(3) the purpose and flagrancy of the initial misconduct.

Here, even if the Defendant’s consent is found to have been voluntarily given, your Colorado criminal defense lawyer will argue that the consent is invalid because the “causal chain” between the illegal detention and the consent was not broken. Specifically that there was such a close temporal proximity between the illegal conduct and the consent to search – with no intervening circumstances between the detention and the consent – that there was no reason to think that the Defendant could have believed he was free to leave.

“No Break in the Causal Chain Between the Illegal Detention and the Consent”

The reason a Trooper asks for consent to search a car is irrelevant. The illegal detention of the Defendant after issuing the speeding citation in the absence of articulable facts to establish probable cause to conclude the Defendant might possess contraband, means that continued detention was illegal rendering the consent to search invalid.

Colorado Criminal Law – When Police Violate Your Rights At A Traffic Stop

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If, after reading this article, you have questions about your case and would like to consider retaining our law firm, we invite you to contact us at the Steinberg Colorado Criminal Defense Law Firm – 303-627-7777.

Never stop fighting – never stop believing in yourself and your right to due process of law. You will not be alone in court, H. Michael at your side every step of the way – advocating for justice and the best possible result in your case.

H. Michael Steinberg Colorado Criminal Defense LawyerABOUT THE AUTHOR: H. Michael Steinberg – Email The Author at hmsteinberg@hotmail.com – A Denver Colorado Criminal Defense Lawyer – or call his office at 303-627-7777 during business hours – or call his cell if you cannot wait and need his immediate assistance – 720-220-2277. Attorney H. Michael Steinberg is passionate about criminal defense. His extensive knowledge and experience of Colorado Criminal Law gives him the edge you need to properly handle your case.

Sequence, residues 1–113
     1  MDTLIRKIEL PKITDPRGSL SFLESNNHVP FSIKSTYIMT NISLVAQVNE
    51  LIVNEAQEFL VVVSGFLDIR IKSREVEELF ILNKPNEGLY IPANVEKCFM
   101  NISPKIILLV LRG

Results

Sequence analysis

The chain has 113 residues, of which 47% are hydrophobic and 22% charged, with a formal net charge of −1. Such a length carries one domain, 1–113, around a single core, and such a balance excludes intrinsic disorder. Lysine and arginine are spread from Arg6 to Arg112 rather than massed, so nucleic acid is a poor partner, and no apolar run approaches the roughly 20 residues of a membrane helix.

“A good criminal defense lawyer is someone who devotes themselves to their client’s case from beginning to end, always realizing that this case is the most important thing in that client’s life.”

You should be careful to make a responsible choice in selecting a Colorado Criminal Defense Lawyer – and we encourage you to “vet” our firm. Over the last 30 plus years – by focusing ONLY on Colorado criminal law – H. Michael has had the necessary time to commit to the task of constantly updating himself on nearly every area of criminal law, to include Colorado criminal law and procedure and trial and courtroom practice. H. Michael works hard to get his clients the best possible results in and out of the courtroom. He has written, and continues to write, extensively on Colorado criminal law and he hopes this article helps you in some small way – Colorado Criminal Law – When Police Violate Your Rights At A Traffic Stop.

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Colorado Criminal Law - When Police Violate Your Rights At A Traffic Stop
Article Name
Colorado Criminal Law - When Police Violate Your Rights At A Traffic Stop
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When the police stop your car based on a traffic violation - certain important constitutional rights apply. Understanding those rights may make the difference between a prosecution for JUST the traffic offense or a possible additional charge for a much more serious misdemeanor or perhaps even a felony.
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H. Michael Steinberg Esq.
Attorney and Counselor at Law
The Colorado Criminal Defense Law Firm of H. Michael Steinberg
A Denver, Colorado Lawyer Focused Exclusively On
Colorado Criminal Law For Over 30 Years.